Anaya v. CDCR

Filing 126

ORDER DISMISSING Sixth Amended Complaint WITH LEAVE TO AMEND, signed by Magistrate Judge Michael J. Seng on 09/20/2016. Seventh Amended Complaint (30-Day Deadline) (Attachments: # 1 Amended Complaint Form, # 2 Sixth Amended Complaint)(Martin-Gill, S)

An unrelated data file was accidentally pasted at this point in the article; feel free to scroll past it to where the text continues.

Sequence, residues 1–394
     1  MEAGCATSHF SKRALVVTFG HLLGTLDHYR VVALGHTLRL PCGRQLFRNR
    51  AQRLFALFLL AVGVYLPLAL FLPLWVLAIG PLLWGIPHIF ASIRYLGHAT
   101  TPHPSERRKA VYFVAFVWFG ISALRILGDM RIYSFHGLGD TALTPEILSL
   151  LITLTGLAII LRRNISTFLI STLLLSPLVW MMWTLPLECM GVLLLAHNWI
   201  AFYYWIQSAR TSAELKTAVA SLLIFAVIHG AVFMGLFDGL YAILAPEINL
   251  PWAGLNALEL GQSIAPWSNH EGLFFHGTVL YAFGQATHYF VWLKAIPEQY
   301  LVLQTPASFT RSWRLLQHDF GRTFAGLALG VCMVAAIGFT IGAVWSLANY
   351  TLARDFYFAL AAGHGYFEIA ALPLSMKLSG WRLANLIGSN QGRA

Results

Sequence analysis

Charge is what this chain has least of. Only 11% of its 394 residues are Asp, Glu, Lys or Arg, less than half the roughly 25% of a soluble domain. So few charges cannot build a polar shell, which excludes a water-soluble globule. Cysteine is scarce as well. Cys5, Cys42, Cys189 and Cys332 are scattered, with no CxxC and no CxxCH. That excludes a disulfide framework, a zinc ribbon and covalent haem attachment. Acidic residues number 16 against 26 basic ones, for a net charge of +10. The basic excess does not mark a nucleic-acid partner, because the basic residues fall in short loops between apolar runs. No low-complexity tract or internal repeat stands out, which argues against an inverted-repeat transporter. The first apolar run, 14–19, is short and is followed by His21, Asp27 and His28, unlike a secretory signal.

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1 2 3 4 5 6 7 UNITED STATES DISTRICT COURT 8 EASTERN DISTRICT OF CALIFORNIA 9 10 PETER ANAYA, 11 12 13 CASE NO. 1:16-cv-00040-MJS (PC) Plaintiff, ORDER DISMISSING SIXTH AMENDED COMPLAINT WITH LEAVE TO AMEND v. (ECF No. 125) CDCR, 14 Defendant. AMENDED COMPLAINT DUE WITHIN THIRTY (30) DAYS 15 16 17 Plaintiff is a state prisoner proceeding pro se and in forma pauperis in this civil 18 rights action brought pursuant to 42 U.S.C. § 1983. (ECF Nos. 1 & 95.) He has 19 consented to Magistrate Judge jurisdiction. (ECF No. 4.) No other parties have appeared 20 in the action. 21 On February 22, 2016, the Court dismissed Plaintiff’s complaint, and his first, 22 second, and third amended complaints, on the ground that none of the complaints were 23 complete in themselves without reference to other pleadings. (ECF No. 111.) On March 24 22, 2016, the Court dismissed Plaintiff’s fourth amended complaint for failure to state a 25 claim, but gave leave to amend. (ECF No. 116.) On June 17, 2016, the Court dismissed 26 Plaintiff’s fifth amended complaint and “supplemental complaint” on the ground that 27 neither was complete in itself without reference to the other. (ECF No. 124.) Plaintiff’s 28 sixth amended complaint is now before the Court for screening. 1 I. Screening Requirement 2 The Court is required to screen complaints brought by prisoners seeking relief 3 against a governmental entity or officer or employee of a governmental entity. 28 U.S.C. 4 § 1915A(a). The Court must dismiss a complaint or portion thereof if the prisoner has 5 raised claims that are legally “frivolous, malicious,” or that fail to state a claim upon which 6 relief may be granted, or that seek monetary relief from a defendant who is immune from 7 such relief. 28 U.S.C. § 1915A(b)(1), (2). “Notwithstanding any filing fee, or any portion 8 thereof, that may have been paid, the court shall dismiss the case at any time if the court 9 determines that . . . the action or appeal . . . fails to state a claim upon which relief may 10 be granted.” 28 U.S.C. § 1915(e)(2)(B)(ii). 11 II. Pleading Standard 12 Section 1983 “provides a cause of action for the deprivation of any rights, 13 privileges, or immunities secured by the Constitution and laws of the United States.” 14 Wilder v. Virginia Hosp. Ass'n, 496 U.S. 498, 508 (1990) (quoting 42 U.S.C. § 1983). 15 Section 1983 is not itself a source of substantive rights, but merely provides a method for 16 vindicating federal rights conferred elsewhere. Graham v. Connor, 490 U.S. 386, 393-94 17 (1989). 18 To state a claim under § 1983, a plaintiff must allege two essential elements: 19 (1) that a right secured by the Constitution or laws of the United States was violated and 20 (2) that the alleged violation was committed by a person acting under the color of state 21 law. See West v. Atkins, 487 U.S. 42, 48 (1988); Ketchum v. Alameda Cnty., 811 F.2d 22 1243, 1245 (9th Cir. 1987). 23 A complaint must contain “a short and plain statement of the claim showing that 24 the pleader is entitled to relief . . . .” Fed. R. Civ. P. 8(a)(2). Detailed factual allegations 25 are not required, but “[t]hreadbare recitals of the elements of a cause of action, 26 supported by mere conclusory statements, do not suffice.” Ashcroft v. Iqbal, 556 U.S. 27 662, 678 (2009) (citing Bell Atlantic Corp. v. Twombly, 550 U.S. 544, 555 (2007)). 28 Plaintiff must set forth “sufficient factual matter, accepted as true, to state a claim to relief 2 1 that is plausible on its face.” Id. Facial plausibility demands more than the mere 2 possibility that a defendant committed misconduct and, while factual allegations are 3 accepted as true, legal conclusions are not. Id. at 677-78. 4 III. Plaintiff’s Allegations 5 Plaintiff is incarcerated at California Substance Abuse Treatment Facility 6 (“CSATF”) in Corcoran, California, where the acts giving rise to his complaint occurred. 7 He names the following defendants in their individual and official capacities: 8 (1) Correctional Officer R. Van Vugt, (2) Sergeant C. Gray, (3) Correctional Officer T. 9 Lucero, (4) Correctional Officer W.S. Wadkins, (5) Correctional Officer S. Nelson, 10 (6) Correctional Officer A. Coronado, (7) Correctional Officer A. Tuzon, (8) Sergeant J. 11 Barrios, (9) Correctional Officer C. Marquez, and (10) F. Uribe. Plaintiff also states that 12 there are twenty-one “unknown CDCR officers among the general population” who also 13 participated in the deprivation of his rights. He does not state any specific allegations 14 against these twenty-one individuals. 15 Plaintiff’s allegations may be summarized essentially as follows: 16 Defendants use CDCR computers and confidential mental health records to 17 violate Plaintiff’s constitutional rights. Specifically, Defendants have unauthorized access 18 to Plaintiff’s mental health files and have placed false information therein indicating that 19 Plaintiff sexually abused a child, was himself a victim of sexual abuse, and is 20 homosexual. In fact, Plaintiff has no history of sexual offenses and his offense involving 21 a child was non-sexual. He is “straight” and has been married four times. 22 As a result, Plaintiff has suffered emotional distress and physical ailments. His 23 food tray has been contaminated with feces. He has been called derogatory names over 24 the public address system and when called for medications. 25 Plaintiff’s mental health needs have been ignored. 26 Defendants have installed “bugs,” or concealed hearing devices to eavesdrop on 27 Plaintiff. Correctional Officers follow Plaintiff wherever he goes. Plaintiff’s bunk is 28 regularly searched and left in disarray. 3 1 Defendants intend to kill Plaintiff. 2 Plaintiff’s legal mail has been opened. Books of stamps that were sent to him in 3 the mail by family have been withheld. 4 Plaintiff received a CDC-115 that was incorrect. 5 Plaintiff has tried to file administrative appeals regarding these issues, but 6 Defendant Wadkins has refused to process the appeals and has disregarded Plaintiff’s 7 concerns. 8 Plaintiff contends that this conduct violates his constitutional rights and constitutes 9 defamation, libel, and slander. He claims he is the victim of discrimination and 10 harassment. Defendants’ conduct violates his right of access to the Courts; the bill of 11 rights; the First, Fifth, and Fourteenth Amendments; the right to be free from cruel and 12 unusual punishment; the right to due process; the right to freedom from discrimination; 13 the right to mental health care; California Government Code section 12940 (Fair 14 Employment and Housing Act); and California Code of Civil Procedure sections 45, 46, 15 and 527.6 (harassment). It also constitutes an unreasonable search and seizure without 16 a warrant. 17 18 Plaintiff seeks unspecified injunctive relief and money damages. IV. Analysis 19 Plaintiff’s sixth amended complaint suffers from many of the same defects as his 20 fourth amended complaint. The Court will again provide Plaintiff with the legal standards 21 applicable to what appear to be his intended claims, and will grant Plaintiff one final 22 opportunity to amend his complaint if he believes, in good faith, that he can state a 23 truthful cognizable claim. 24 A. Improper Joinder of Unrelated Claims 25 Federal Rule of Civil Procedure 18(a) allows a party to “join, as independent or 26 alternative claims, as many claims as it has against an opposing party.” However, Rule 27 20(a)(2) permits a plaintiff to sue multiple defendants in the same action only if “any right 28 to relief is asserted against them jointly, severally, or in the alternative with respect to or 4 1 arising out of the same transaction, occurrence, or series of transactions or 2 occurrences,” and there is a “question of law or fact common to all defendants.” “Thus 3 multiple claims against a single party are fine, but Claim A against Defendant 1 should 4 not be joined with unrelated Claim B against Defendant 2. Unrelated claims against 5 different defendants belong in different suits . . .” See George v. Smith, 507 F.3d 605, 6 607 (7th Cir.2007) (citing 28 U.S.C. § 1915(g)). 7 Plaintiff attempts to bring several unrelated claims in this action: mishandling of 8 mental health records, confiscation of mail, and an incorrect CDC-115 Rules Violation 9 Report. There are no facts to suggest that these actions are attributable to the same 10 Defendants. Accordingly, these claims may not be brought in a single action.1 11 Furthermore, claims relating to Plaintiff’s mail and an incorrect CDC-115 were not 12 alleged in Plaintiff’s fourth amended complaint. Plaintiff was advised that leave to amend 13 was not granted for the purpose of adding new claims. Accordingly, these claims will not 14 be addressed herein. 15 16 If Plaintiff chooses to amend, he again is advised that he will not be permitted to proceed on unrelated claims against different defendants. 17 B. Linkage 18 Under § 1983, Plaintiff must demonstrate that each named defendant personally 19 participated in the deprivation of his rights. Iqbal, 556 U.S. 662, 676-77 (2009); Simmons 20 v. Navajo Cnty., Ariz., 609 F.3d 1011, 1020-21 (9th Cir. 2010); Ewing v. City of Stockton, 21 588 F.3d 1218, 1235 (9th Cir. 2009); Jones v. Williams, 297 F.3d 930, 934 (9th Cir. 22 2002). Liability may not be imposed on supervisory personnel under the theory of 23 respondeat superior, as each defendant is only liable for his or her own misconduct. 24 Iqbal, 556 U.S. at 676-77; Ewing, 588 F.3d at 1235. Supervisors may only be held liable 25 if they “participated in or directed the violations, or knew of the violations and failed to act 26 1 27 28 Although not entirely clear, it appears that the allegations arose in 2015 and 2016. Accordingly, the Court has no basis to conclude that Plaintiff would be prejudiced by the statute of limitations in bringing a separate suit based on these allegations. See Rush v. Sport Chalet, Inc., 779 F.3d 973, 975 (9th Cir. 2015). 5 1 to prevent them.” Taylor v. List, 880 F.2d 1040, 1045 (9th Cir. 1989); accord Starr v. 2 Baca, 652 F.3d 1202, 1205-08 (9th Cir. 2011); Corales v. Bennett, 567 F.3d 554, 570 3 (9th Cir. 2009); Preschooler II v. Clark Cnty. Sch. Bd. of Trs., 479 F.3d 1175, 1182 (9th 4 Cir. 2007); Harris v. Roderick, 126 F.3d 1189, 1204 (9th Cir. 1997). 5 Plaintiff does not explain how any individual defendant personally participated in 6 the denial of his rights. He merely alleges that all of the Defendants engaged in all of the 7 acts he complains of. This lacks the requisite level of specificity to impose liability on any 8 one Defendant. He therefore fails to state a claim. If Plaintiff chooses to amend, he must 9 plead facts to show with specificity how each defendant personally participated in the 10 denial of his rights. 11 C. Implausible Allegations 12 At the pleading stage, Plaintiff’s allegations generally must be accepted as true. 13 However, 28 U.S.C. § 1915(e)(2)(B) accords judges the authority to “pierce the veil of 14 the complaint’s factual allegations” and to dismiss claims “describing fantastic or 15 delusional scenarios.” See Nietzke v. Williams, 490 U.S. 319, 327-28 (1989). Thus, the 16 Court may dismiss claims that “rise to the level of the irrational or the wholly incredible.” 17 See Denton v. Hernandez, 504 U.S. 25, 32–33 (1992). 18 Plaintiff’s allegations that Defendants are planning to kill him, are following him, 19 and are eavesdropping on him through hidden devices, are too implausible, outlandish, 20 and far-fetched to be believed. These allegations will be dismissed as frivolous. 21 D. Inaccurate Prison Records 22 The due process clause protects prisoners from being deprived of liberty without 23 due process of law. Wolff v. McDonnell, 418 U.S. 539, 556 (1974). In order to state a 24 cause of action for deprivation of procedural due process, a plaintiff must first establish 25 the existence of a liberty interest for which the protection is sought. Liberty interests may 26 arise from the due process clause itself or from state law. Hewitt v. Helms, 459 U.S. 27 460, 466-68 (1983). 28 6 1 The inaccuracy of records compiled or maintained by the government is not, 2 standing alone, sufficient to state a claim of constitutional injury under the due process 3 clause of the Fourteenth Amendment. Paul v. Davis, 424 U.S. 693, 711-714 (1976); see 4 also Reyes v. Supervisor of DEA, 834 F.2d 1093, 1097 (1st Cir. 1987) (no claim 5 presented where inmate failed to allege false information maintained by police 6 department relied upon to deprive him of constitutionally protected interest); Pruett v. 7 Levi, 622 F.2d 256, 258 (6th Cir. 1980) (mere existence of inaccuracy in FBI criminal 8 files not state constitutional claim). 9 The existence of a liberty interest created by state law is determined by focusing 10 on the nature of the deprivation. Sandin v. Conner, 515 U.S. 472, 481-84 (1995). 11 Liberty interests created by state law are generally limited to freedom from restraint 12 which “imposes atypical and significant hardship on the inmate in relation to the ordinary 13 incidents of prison life.” Id. at 484. Plaintiff does not allege how or whether the state of 14 California has created a liberty interest in accurate prison records. The Court is unaware 15 of any decision holding that inmates have such a right. Further, plaintiff does not allege 16 whether he has fulfilled any procedural requirements for challenging the accuracy of his 17 prison record. In addition, because the alleged misstatement is included in his 18 confidential files, it is unclear how such misinformation might be relied upon so as to rise 19 to the level of a constitutional violation. 20 The Court understands that the alleged misstatements are sexual in nature and 21 may subject Plaintiff to stigma. However, even classifying Plaintiff as a sex offender is 22 insufficient to implicate a liberty interest, absent other circumstances suggesting an 23 atypical and significant hardship. See Neal v. Shimoda, 131 F.3d 818, 827 (9th Cir. 24 1997) (“[T]he stigmatizing consequences of the attachment of the ‘sex offender’ label 25 coupled with the subjection of the targeted inmate to a mandatory treatment program 26 whose successful completion is a precondition for parole eligibility create the kind of 27 deprivations of liberty that require procedural protections.”); see also Cooper v. Garcia, 28 55 F. Supp. 2d 1090, 1101 (S.D. Cal. 1999); Johnson v. Gomez, No. C95-20717 RMW, 7 1 1996 WL 107275, at *2-5 (N.D. Cal. 1996); Brooks v. McGrath, No. C 95-3390 SI, 1995 2 WL 733675, at *1-2 (N.D. Cal. 1995). 3 4 Accordingly, Plaintiff’s allegation that Defendants have made inaccurate entries in his confidential records fails to state a claim. 5 E. Conditions of Confinement 6 The Eighth Amendment’s prohibition against cruel and unusual punishment 7 protects prisoners from inhumane methods of punishment and inhumane conditions of 8 confinement. Morgan v. Morgensen, 465 F.3d 1041, 1045 (9th Cir. 2006) (citations 9 omitted). “[A] prison official may be held liable under the Eighth Amendment for denying 10 humane conditions of confinement only if he knows that inmates face a substantial risk 11 of serious harm and disregards that risk by failing to take reasonable measures to abate 12 it.” Farmer v. Brennan, 511 U.S. 825, 847 (1994). 13 A conditions of confinement claim has both an objective and a subjective 14 component. See Farmer, 511 U.S. at 834. “First, the deprivation alleged must be . . . 15 sufficiently serious,” and must “result in the denial of the minimal civilized measure of 16 life’s necessities.” Id. (internal quotation marks and citations omitted) “[E]xtreme 17 deprivations are required to make out a conditions-of-confinement claim.” Hudson v. 18 McMillian, 503 U.S. 1, 9 (1992). 19 Second, the prison official must have acted with “deliberate indifference” to inmate 20 health or safety. Farmer, 511 U.S. at 834. “Mere negligence is not sufficient to establish 21 liability.” Frost v. Agnos, 152 F.3d 1124, 1128 (9th Cir. 1998). Rather, a plaintiff must 22 show that a defendant knew of, but disregarded, an excessive risk to inmate health or 23 safety. Farmer, 511 U.S. at 837. That is, “the official must both be aware of facts from 24 which the inference could be drawn that a substantial risk of serious harm exists, and he 25 must also draw the inference.” Id. 26 27 28 8 1 1. Contaminated Food Tray 2 Plaintiff alleges that his food tray was contaminated with feces. This apparently 3 was the result of deliberate actions taken against Plaintiff due to the stigma associated 4 with false allegations that Plaintiff committed a sexual offense against a child. 5 Adequate food is a basic human need protected by the Eighth Amendment. 6 Keenan v. Hall, 83 F.3d 1083, 1091 (9th Cir. 1996). While prison food need not be tasty 7 or aesthetically pleasing, it must be adequate to maintain health. LeMaire v. Maass, 12 8 F.3d 1444, 1456 (9th Cir. 1993). “The fact that the food occasionally contains foreign 9 objects or sometimes is served cold, while unpleasant, does not amount to a 10 constitutional deprivation.” Id. (citing Hamm v. DeKalb County, 774 F.2d 1567, 1575 11 (11th Cir. 1985); see also George v. King, 837 F.2d 705, 707 (5th Cir. 1988) (“[A] single 12 incident of unintended food poisoning, whether suffered by one or many prisoners at an 13 institution, does not constitute a violation of the constitutional rights of the affected 14 prisoners.”); Islam v. Jackson, 782 F. Supp. 1111, 1114-15 (E.D. Va.1992) (serving one 15 meal contaminated with maggots and meals under unsanitary conditions for thirteen 16 days was not cruel and unusual punishment, even though inmate suffered symptoms of 17 food poisoning on one occasion); Bennett v. Misner, 2004 U.S. Dist. LEXIS 19568 at 18 *63, 2004 WL 2091473 (D. Or. Sept. 17, 2004) (“Neither isolated instances of food 19 poisoning, temporary lapses in sanitary food service, nor service of meals contaminated 20 with maggots are sufficiently serious to constitute an Eighth Amendment violation.”) 21 Plaintiff does not describe the frequency or duration with which he was served 22 contaminated food. He does not allege any facts to show whether any of the Defendants 23 personally contaminated his food. Nor does he state facts that would show Defendants 24 were aware of the contamination by others but failed to act. Accordingly, this allegation 25 fails to state a claim. 26 Plaintiff will be given leave to amend. 27 28 9 1 2. Emotional Distress 2 As an initial matter, under 42 U.S.C. § 1997e(e), enacted as part of the Prison 3 Litigation Reform Act of 1996, “[n]o Federal civil action may be brought by a prisoner 4 confined in a jail, prison, or other correctional facility, for mental or emotional injury 5 suffered while in custody without a prior showing of physical injury. . . .” Id. Thus, in order 6 to pursue damages based on mental or emotional injury, plaintiff must demonstrate that 7 he sustained an actual physical injury. Plaintiff has alleged no such injury here. Plaintiff’s 8 mere reference to “physical ailments” that may or may not have any relation to 9 Defendants’ conduct is insufficient to support his claims. 10 Additionally, Plaintiff’s threadbare allegations that he suffered emotional distress 11 and that Defendants failed to address his mental health needs are insufficient to allege a 12 substantial risk of serious harm. Plaintiff also has not alleged that any Defendant was 13 aware of a substantial risk but failed to take action to avoid or abate it. 14 3. Name Calling 15 Mere verbal harassment or abuse alone is not sufficient to state a constitutional 16 deprivation under 42 U.S.C. § 1983. Oltarzewski v. Ruggiero, 830 F.2d 136, 139 (9th 17 Cir. 1987). 18 F. 19 Plaintiff 20 Grievance Process alleges that Defendant Wadkins refused to process Plaintiff’s administrative grievances. 21 As Plaintiff already has been advised, this allegation fails to state a claim. 22 Prisoners have no stand-alone due process rights related to the administrative grievance 23 process. Ramirez v. Galaza, 334 F.3d 850, 860 (9th Cir. 2003); Mann v. Adams, 855 24 F.2d 639, 640 (9th Cir. 1988). Failing to properly process a grievance does not constitute 25 a due process violation. 26 To the extent Plaintiff argues that Wadkins ignored Plaintiff’s complaints, in 27 violation of Plaintiff’s constitutional rights, the denial of a prisoner’s administrative appeal 28 does not cause or contribute to the underlying violation. George v. Smith, 507 F.3d 605, 10 1 609 (7th Cir. 2007) (quotation marks omitted). However, prison administrators cannot 2 willfully turn a blind eye to constitutional violations being committed by subordinates. Jett 3 v. Penner, 439 F.3d 1091, 1098 (9th Cir. 2006). Thus, there may be limited 4 circumstances in which those involved in reviewing an inmate appeal can be held liable 5 under section 1983. That circumstance has not been presented here. 6 Plaintiff has not stated a viable constitutional claim against any other Defendant. 7 Absent facts sufficient to show that a constitutional violation occurred in the first place, 8 Plaintiff cannot pursue a claim against Wadkins for review of the administrative appeal 9 grieving the underlying allegations. Second, Plaintiff’s conclusory allegation that 10 Wadkins disregarded his appeals is insufficient to support a plausible claim for relief. 11 Iqbal, 556 U.S. at 678-79. If Plaintiff wishes to proceed on this claim he must provide 12 further detail regarding the content of the appeals or the information communicated to 13 Wadkins, and any reasons given for refusing to process Plaintiff’s appeals. 14 G. Access to Courts 15 Plaintiff has a constitutional right of access to the courts, and prison officials may 16 not actively interfere with his right to litigate. Silva v. Di Vittorio, 658 F.3d 1090, 1101-02 17 (9th Cir. 2011). The right is limited to direct criminal appeals, habeas petitions, and civil 18 rights actions. Lewis v. Casey, 518 U.S. 343, 354 (1996). Claims for denial of access to 19 the courts may arise from the frustration or hindrance of “a litigating opportunity yet to be 20 gained” (forward-looking access claim) or from the loss of a meritorious suit that cannot 21 now be tried (backward-looking claim). Christopher v. Harbury, 536 U.S. 403, 412-15 22 (2002). A plaintiff must show that he suffered an “actual injury” i.e., prejudice with 23 respect to contemplated or existing litigation, such as the inability to meet a filing 24 deadline or present a non-frivolous claim. Lewis, 518 U.S. at 348-49. An “actual injury” is 25 one that hinders the plaintiff’s ability to pursue a legal claim. Id. at 351. 26 Plaintiff’s allegations do not state a claim. The Court notes that the basis for 27 Plaintiff’s access to courts claim is unclear. To the extent it is based on improper 28 processing of his grievances, Plaintiff has failed to allege any actual injury as he has 11 1 thus far been permitted to proceed in this action despite his assertions that he has been 2 unable to exhaust administrative remedies. His conclusory statement that he has 3 suffered an injury and that his claims are non-frivolous is insufficient to state a claim. 4 Plaintiff will be given leave to amend. 5 H. 6 Plaintiff states that he has been discriminated against. The Court construes this 7 Equal Protection as an attempt to state an Equal Protection claim under the Fourteenth Amendment. 8 The Equal Protection Clause requires that persons who are similarly situated be 9 treated alike. City of Cleburne, Tex. v. Cleburne Living Ctr., Inc., 473 U.S. 432, 439 10 (1985). An equal protection claim may be established by showing that the defendant 11 intentionally discriminated against the plaintiff based on the plaintiff's membership in a 12 protected class, Serrano v. Francis, 345 F.3d 1071, 1082 (9th Cir. 2003), Lee v. City of 13 Los Angeles, 250 F.3d 668, 686 (9th Cir. 2001), or that similarly situated individuals were 14 intentionally treated differently without a rational relationship to a legitimate state 15 purpose, Village of Willowbrook v. Olech, 528 U.S. 562, 564 (2000); see also Lazy Y 16 Ranch Ltd. v. Behrens, 546 F.3d 580, 592 (9th Cir. 2008); North Pacifica LLC v. City of 17 Pacifica, 526 F.3d 478, 486 (9th Cir. 2008). 18 Plaintiff has not set forth any allegations indicating that he and other similarly 19 situated individuals were treated differently, whether by virtue of Plaintiff’s membership in 20 a protected class or otherwise. He has failed to state an Equal Protection claim. He will 21 be given leave to amend. 22 I. Fourteenth Amendment Defamation 23 Defamation can, under certain circumstances, constitute a claim for relief under 24 the Fourteenth Amendment. However, reputational harm alone does not state a § 1983 25 claim. Paul v. Davis, 424 U.S. 693, 701-710 (1976). Instead, a plaintiff must allege loss 26 of a constitutionally protected property or liberty interest in conjunction with the allegation 27 of injury to reputation. Cooper v. Dupnik, 924 F.2d 1520, 1532 (9th Cir.1991), aff'd in 28 relevant part, 963 F.2d 1220, 1235 n.6 (9th Cir. 1992) (en banc). 12 1 2 Plaintiff does not describe any constitutionally protected interest he was deprived of in connection with the injury to his reputation. He will be given leave to amend. 3 J. Cell Searches 4 An inmate has no “reasonable expectation of privacy in his prison cell entitling him 5 to the protection of the Fourth Amendment against unreasonable searches and 6 seizures.” Hudson v. Palmer, 468 U.S. 517, 536 (1984). Plaintiff’s allegation that his cell 7 is frequently searched fails to state a claim. 8 K. State Law Claims 9 Plaintiff’s claims for libel, slander, defamation, and harassment arise under state 10 law. Plaintiff’s claim under California Government Code Section 12940 also arises under 11 state law. 12 The Court will not exercise supplemental jurisdiction over any state law claim 13 absent a cognizable federal claim. 28 U.S.C. § 1367(a); Herman Family Revocable Trust 14 v. Teddy Bear, 254 F.3d 802, 805 (9th Cir. 2001); see also Gini v. Las Vegas Metro. 15 Police Dep’t, 40 F.3d 1041, 1046 (9th Cir. 1994). “When . . . the court dismisses the 16 federal claim leaving only state claims for resolution, the court should decline jurisdiction 17 over the state claims and dismiss them without prejudice.” Les Shockley Racing v. 18 National Hot Rod Ass’n, 884 F.2d 504, 509 (9th Cir. 1989). 19 Because Plaintiff has not alleged any cognizable federal claims, the Court will not 20 exercise supplemental jurisdiction over his state law claim. Plaintiff may amend his state 21 law claims, but if he fails to allege a viable federal claim in his amended complaint, the 22 Court will not exercise supplemental jurisdiction over his state law claims. 28 U.S.C. § 23 1367(a); Herman Family Revocable Trust, 254 F.3d at 805. The Court previously 24 provided Plaintiff with the legal standards applicable to his state law claims. Those 25 standards will not be repeated here. If Plaintiff chooses to amend, he must meet the 26 requirements set out in the Court’s prior screening order, ECF No. 116. 27 28 13 1 H. 2 Plaintiff once again names each of the Defendants in their individual and official 3 Official Capacity Claims capacities. 4 “Official capacity” suits require that a policy or custom of the governmental entity 5 is the moving force behind the violation. McRorie v. Shimoda, 795 F.2d 780, 783 (9th 6 Cir. 1986). Plaintiff has not alleged what custom or policy, if any, motivated Defendants’ 7 conduct. Additionally, Plaintiff cannot recover money damages from state officials in their 8 official capacities. Aholelei v. Dept. of Public Safety, 488 F.3d 1144, 1147 (9th Cir. 2007) 9 (citations omitted). Official capacity suits may seek only prospective relief. See Wolfson 10 v. Brammer, 616 F.3d 1045, 1065-66 (9th Cir. 2010). 11 Plaintiff does seek injunctive relief in this action but does not specify the form of 12 relief he seeks. He also does not allege a custom or policy behind any violations. 13 Accordingly, Plaintiff has not stated a claim for relief against Defendants in their official 14 capacities. He will be given leave to amend. 15 V. Conclusion and Order 16 Plaintiff’s sixth amended complaint does not state a claim. The Court will grant 17 Plaintiff one final opportunity to file an amended complaint. Noll v. Carlson, 809 F.2d 18 1446, 1448-49 (9th Cir. 1987). If Plaintiff chooses to amend, he must demonstrate that 19 the alleged acts resulted in a deprivation of his constitutional rights. Iqbal, 556 U.S. at 20 677-78. Plaintiff must set forth “sufficient factual matter . . . to ‘state a claim that is 21 plausible on its face.’” Id. at 678 (quoting Twombly, 550 U.S. at 555 (2007)). Plaintiff 22 must also demonstrate that each named Defendant personally participated in a 23 deprivation of his rights. Jones v. Williams, 297 F.3d 930, 934 (9th Cir. 2002). 24 Plaintiff should note that although he has been given the opportunity to amend, it 25 is not for the purposes of adding new claims. George v. Smith, 507 F.3d 605, 607 (7th 26 Cir. 2007). Plaintiff should carefully read this screening order and focus his efforts on 27 curing the deficiencies set forth above. 28 14 1 Finally, Plaintiff is advised that Local Rule 220 requires that an amended 2 complaint be complete in itself without reference to any prior pleading. As a general rule, 3 an amended complaint supersedes the original complaint. See Loux v. Rhay, 375 F.2d 4 55, 57 (9th Cir. 1967). Once an amended complaint is filed, the original complaint no 5 longer serves any function in the case. Therefore, in an amended complaint, as in an 6 original complaint, each claim and the involvement of each defendant must be 7 sufficiently alleged. The seventh amended complaint should be clearly and boldly titled 8 “Fifth Amended Complaint,” refer to the appropriate case number, and be an original 9 signed under penalty of perjury. Plaintiff's amended complaint should be brief. Fed. R. 10 Civ. P. 8(a). Although accepted as true, the “[f]actual allegations must be [sufficient] to 11 raise a right to relief above the speculative level . . . .” Twombly, 550 U.S. at 555 12 (citations omitted). 13 Accordingly, it is HEREBY ORDERED that: 14 1. Plaintiff’s sixth amended complaint is dismissed for failure to state a claim 15 16 upon which relief may be granted; 2. The Clerk’s Office shall send Plaintiff a blank civil rights complaint form and a 17 copy of his sixth amended complaint, filed July 13, 2016; 18 3. Within thirty (30) days from the date of service of this order, Plaintiff must file a 19 seventh amended complaint curing the deficiencies identified by the Court in 20 this order or a notice of voluntary dismissal; and 21 4. If Plaintiff fails to file an amended complaint or notice of voluntary dismissal, 22 this action will be dismissed, with prejudice, for failure to comply with a court 23 order and failure to state a claim, and will be subject to the “three strikes” 24 25 26 27 provision set forth in 28 U.S.C. § 1915(g). IT IS SO ORDERED. Dated: September 20, 2016 /s/ Michael J. Seng UNITED STATES MAGISTRATE JUDGE 28 15 1 5. 2 3 4 5 6 7 8 9 10 11 12 13 14 15 16 17 18 19 20 21 22 23 24 25 26 27 28 16